Bitter adversaries for a generation, the US and Iran now face a common enemy: the ‘Islamic State’. But, in an interview with DW, Dr Roham Alvandi argues that politics prevent Tehran and Washington from cooperating publicly. On Monday 16 October, Dr Alvandi will be presenting his most recent book ‘Nixon Kissinger and the Shah’ at LSE.
DW: What are the US and Iran’s respective interests in fighting the “Islamic State”? Are they opposed to IS for the same reasons?
Roham Alvandi: They’re not quite the same reasons. They each have their own interests in Iraq, and they each have an interest in containing and eventually defeating the Islamic State. From the US point of view, what they’re trying to do is defeat the IS threat but also create some sort of inclusive government in Iraq where you have some sort of balance between the Shi’a, the Sunni and the Kurds.
Whereas from the Iranian perspective, that’s much less their priority. They’re very much backing their allies in Iraq. But on the whole, there’s probably more cooperation going on than meets the eye. I suspect that there was a great deal of cooperation behind the scenes that has to do with the creation of the new government in Iraq, and I suspect that there’s also some cooperation in terms of the military operations that are going on. But neither side has an interest in acknowledging that openly, so they’re going to keep that very quiet.
Ayatollah Khamenei said that he rejected an offer from the US to cooperate against the Islamic State. Why would Iran oppose cooperating with Washington against a common enemy?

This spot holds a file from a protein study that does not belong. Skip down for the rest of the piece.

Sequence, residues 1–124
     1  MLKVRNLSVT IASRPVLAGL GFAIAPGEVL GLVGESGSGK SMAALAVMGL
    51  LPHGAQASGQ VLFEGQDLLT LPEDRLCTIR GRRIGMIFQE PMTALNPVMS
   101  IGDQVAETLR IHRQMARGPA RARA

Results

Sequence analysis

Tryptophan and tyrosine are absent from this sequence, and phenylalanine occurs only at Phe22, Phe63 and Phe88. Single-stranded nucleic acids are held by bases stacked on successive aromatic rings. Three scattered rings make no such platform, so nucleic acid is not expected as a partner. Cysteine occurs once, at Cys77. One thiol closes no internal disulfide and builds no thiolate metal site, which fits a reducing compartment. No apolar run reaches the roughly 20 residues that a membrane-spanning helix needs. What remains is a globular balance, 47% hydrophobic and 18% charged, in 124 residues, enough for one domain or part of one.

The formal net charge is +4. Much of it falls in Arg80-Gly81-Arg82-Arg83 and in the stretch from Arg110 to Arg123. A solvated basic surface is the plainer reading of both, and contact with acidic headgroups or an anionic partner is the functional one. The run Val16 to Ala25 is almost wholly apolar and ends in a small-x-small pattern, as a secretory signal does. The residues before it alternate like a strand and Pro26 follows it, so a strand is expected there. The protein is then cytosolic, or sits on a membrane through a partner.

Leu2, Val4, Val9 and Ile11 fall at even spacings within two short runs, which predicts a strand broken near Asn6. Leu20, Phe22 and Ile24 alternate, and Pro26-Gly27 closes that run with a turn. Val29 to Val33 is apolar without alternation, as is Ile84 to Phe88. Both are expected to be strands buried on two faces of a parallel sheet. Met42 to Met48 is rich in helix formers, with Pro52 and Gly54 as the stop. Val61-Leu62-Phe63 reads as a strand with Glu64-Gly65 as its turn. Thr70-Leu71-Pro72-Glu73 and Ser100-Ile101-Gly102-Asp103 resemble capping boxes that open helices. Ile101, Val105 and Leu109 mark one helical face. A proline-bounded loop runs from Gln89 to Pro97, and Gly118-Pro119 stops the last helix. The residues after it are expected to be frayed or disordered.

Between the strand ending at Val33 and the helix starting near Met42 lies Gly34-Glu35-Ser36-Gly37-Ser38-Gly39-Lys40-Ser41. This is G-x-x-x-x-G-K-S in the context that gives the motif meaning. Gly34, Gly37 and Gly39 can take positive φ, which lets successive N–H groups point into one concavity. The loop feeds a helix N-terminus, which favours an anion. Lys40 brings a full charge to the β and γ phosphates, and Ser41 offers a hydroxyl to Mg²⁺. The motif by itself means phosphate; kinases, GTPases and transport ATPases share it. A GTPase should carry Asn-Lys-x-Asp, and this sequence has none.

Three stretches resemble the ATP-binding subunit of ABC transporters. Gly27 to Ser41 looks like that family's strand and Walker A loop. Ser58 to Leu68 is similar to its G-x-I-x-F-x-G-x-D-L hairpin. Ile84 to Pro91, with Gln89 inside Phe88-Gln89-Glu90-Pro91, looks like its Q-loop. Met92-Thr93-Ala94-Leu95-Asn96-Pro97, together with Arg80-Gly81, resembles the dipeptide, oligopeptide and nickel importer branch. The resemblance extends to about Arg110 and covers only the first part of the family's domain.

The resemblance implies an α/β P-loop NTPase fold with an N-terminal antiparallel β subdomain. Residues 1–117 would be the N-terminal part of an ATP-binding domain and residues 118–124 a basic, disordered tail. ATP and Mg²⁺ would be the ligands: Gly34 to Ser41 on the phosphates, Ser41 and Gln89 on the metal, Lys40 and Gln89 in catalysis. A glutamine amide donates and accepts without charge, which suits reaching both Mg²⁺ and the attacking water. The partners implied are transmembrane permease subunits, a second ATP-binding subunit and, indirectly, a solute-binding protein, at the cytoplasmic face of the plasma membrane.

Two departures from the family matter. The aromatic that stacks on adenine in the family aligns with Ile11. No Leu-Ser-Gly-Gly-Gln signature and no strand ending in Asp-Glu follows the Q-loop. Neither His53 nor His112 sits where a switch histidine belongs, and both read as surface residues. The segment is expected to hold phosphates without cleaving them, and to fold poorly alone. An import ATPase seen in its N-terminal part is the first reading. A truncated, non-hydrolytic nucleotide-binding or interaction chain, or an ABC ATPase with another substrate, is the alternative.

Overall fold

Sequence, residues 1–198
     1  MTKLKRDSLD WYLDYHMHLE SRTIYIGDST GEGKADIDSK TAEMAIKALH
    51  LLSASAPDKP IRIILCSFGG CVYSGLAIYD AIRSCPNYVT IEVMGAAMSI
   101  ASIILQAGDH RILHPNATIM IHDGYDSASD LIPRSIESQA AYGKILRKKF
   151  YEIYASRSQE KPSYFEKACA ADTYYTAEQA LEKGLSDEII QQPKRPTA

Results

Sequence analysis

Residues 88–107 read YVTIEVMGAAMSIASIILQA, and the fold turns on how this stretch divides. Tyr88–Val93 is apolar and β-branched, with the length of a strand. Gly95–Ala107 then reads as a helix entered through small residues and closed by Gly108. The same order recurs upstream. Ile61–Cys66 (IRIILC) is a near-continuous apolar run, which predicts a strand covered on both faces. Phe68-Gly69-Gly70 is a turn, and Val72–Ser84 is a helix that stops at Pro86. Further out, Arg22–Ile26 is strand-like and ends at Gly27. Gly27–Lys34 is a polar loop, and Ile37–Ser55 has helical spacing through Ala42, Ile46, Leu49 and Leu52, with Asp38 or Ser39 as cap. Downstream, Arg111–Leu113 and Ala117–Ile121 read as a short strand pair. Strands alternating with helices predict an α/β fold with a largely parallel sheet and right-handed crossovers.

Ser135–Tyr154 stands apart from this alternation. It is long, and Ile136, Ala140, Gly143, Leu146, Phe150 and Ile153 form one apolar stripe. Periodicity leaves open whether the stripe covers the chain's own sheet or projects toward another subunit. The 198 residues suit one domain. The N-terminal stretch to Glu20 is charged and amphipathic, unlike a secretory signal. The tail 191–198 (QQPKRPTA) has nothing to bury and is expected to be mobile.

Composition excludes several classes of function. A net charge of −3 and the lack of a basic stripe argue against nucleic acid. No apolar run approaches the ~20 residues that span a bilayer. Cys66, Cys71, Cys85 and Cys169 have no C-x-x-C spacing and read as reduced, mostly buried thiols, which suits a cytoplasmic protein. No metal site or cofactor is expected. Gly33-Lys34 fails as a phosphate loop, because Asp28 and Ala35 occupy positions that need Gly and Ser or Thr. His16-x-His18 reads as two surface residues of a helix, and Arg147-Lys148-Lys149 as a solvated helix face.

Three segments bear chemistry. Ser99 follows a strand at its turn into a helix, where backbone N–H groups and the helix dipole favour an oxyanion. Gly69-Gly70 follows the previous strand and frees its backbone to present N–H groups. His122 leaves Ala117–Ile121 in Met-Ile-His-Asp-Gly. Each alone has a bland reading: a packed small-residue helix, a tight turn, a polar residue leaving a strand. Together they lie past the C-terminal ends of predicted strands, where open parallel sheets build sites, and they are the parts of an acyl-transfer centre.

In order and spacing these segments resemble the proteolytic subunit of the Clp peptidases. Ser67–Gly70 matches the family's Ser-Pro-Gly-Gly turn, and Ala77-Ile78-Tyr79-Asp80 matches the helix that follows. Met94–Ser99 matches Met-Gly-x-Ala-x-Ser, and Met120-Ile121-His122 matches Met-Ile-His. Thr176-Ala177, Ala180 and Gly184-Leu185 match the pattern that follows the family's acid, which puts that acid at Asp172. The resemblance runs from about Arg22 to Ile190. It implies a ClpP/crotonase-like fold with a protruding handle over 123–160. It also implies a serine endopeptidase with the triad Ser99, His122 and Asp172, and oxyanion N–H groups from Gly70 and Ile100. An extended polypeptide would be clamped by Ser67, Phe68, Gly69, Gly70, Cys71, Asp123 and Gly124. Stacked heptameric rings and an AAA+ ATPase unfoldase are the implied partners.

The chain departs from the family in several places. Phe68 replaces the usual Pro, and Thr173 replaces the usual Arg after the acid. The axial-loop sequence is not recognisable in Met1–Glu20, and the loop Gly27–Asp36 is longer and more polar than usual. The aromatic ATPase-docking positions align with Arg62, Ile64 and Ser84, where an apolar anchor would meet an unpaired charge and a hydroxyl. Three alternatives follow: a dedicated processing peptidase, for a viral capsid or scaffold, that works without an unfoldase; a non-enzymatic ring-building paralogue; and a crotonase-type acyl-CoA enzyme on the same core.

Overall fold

Iran assisted the United States in Afghanistan back in 2001. They helped defeat the Taliban; they helped create the Bonn process [to rebuild Afghanistan’s political institutions]; they helped create the Karzai government. And what they got in exchange for that was “axis of evil” and more sanctions. Nothing came out of it and that was quite a gamble for President Khatami who had convinced the leadership that this was the right thing to do. So you can’t really blame them for being skeptical as to whether the US will really come through on any sort of quid pro quo as far as Iraq is concerned.
So the Iranian government doesn’t see anything to gain from publicly supporting the US or publicly joining a US-led coalition?
President Hassan Rouhani and Foreign Minister Javad Zarif would like to make a case that the US should give some kind of concessions to Iran on the nuclear issue because of the help Iran can offer in Iraq. The problem is that any kind of cooperation in Iraq has to be weighed against the domestic political costs of doing so, both in Tehran and Washington. And I think the calculation is that it’s better to cooperate quietly and secretly than to try and to invest any political capital in doing anything openly.
US Secretary of State John Kerry refused to invite Iran to the Paris conference on the Islamic State. But he’s subsequently said that Tehran “has a role to play” in fighting IS. How do you interpret the US position?